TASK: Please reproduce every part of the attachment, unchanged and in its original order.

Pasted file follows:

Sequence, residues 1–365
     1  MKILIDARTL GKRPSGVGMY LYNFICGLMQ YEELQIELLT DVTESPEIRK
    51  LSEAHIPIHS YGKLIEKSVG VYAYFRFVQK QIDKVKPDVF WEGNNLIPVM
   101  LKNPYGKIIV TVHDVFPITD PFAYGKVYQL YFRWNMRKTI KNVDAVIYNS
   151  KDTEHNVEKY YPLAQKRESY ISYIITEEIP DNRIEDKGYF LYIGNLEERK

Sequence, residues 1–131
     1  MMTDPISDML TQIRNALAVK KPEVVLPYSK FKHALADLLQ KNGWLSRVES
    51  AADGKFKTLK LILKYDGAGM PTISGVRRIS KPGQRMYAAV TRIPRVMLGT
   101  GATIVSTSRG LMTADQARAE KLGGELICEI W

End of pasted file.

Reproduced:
Sequence, residues 1–365
     1  MKILIDARTL GKRPSGVGMY LYNFICGLMQ YEELQIELLT DVTESPEIRK
    51  LSEAHIPIHS YGKLIEKSVG VYAYFRFVQK QIDKVKPDVF WEGNNLIPVM
   101  LKNPYGKIIV TVHDVFPITD PFAYGKVYQL YFRWNMRKTI KNVDAVIYNS
   151  KDTEHNVEKY YPLAQKRESY ISYIITEEIP DNRIEDKGYF LYIGNLEERK

Sequence, residues 1–131
     1  MMTDPISDML TQIRNALAVK KPEVVLPYSK FKHALADLLQ KNGWLSRVES
    51  AADGKFKTLK LILKYDGAGM PTISGVRRIS KPGQRMYAAV TRIPRVMLGT
   101  GATIVSTSRG LMTADQARAE KLGGELICEI W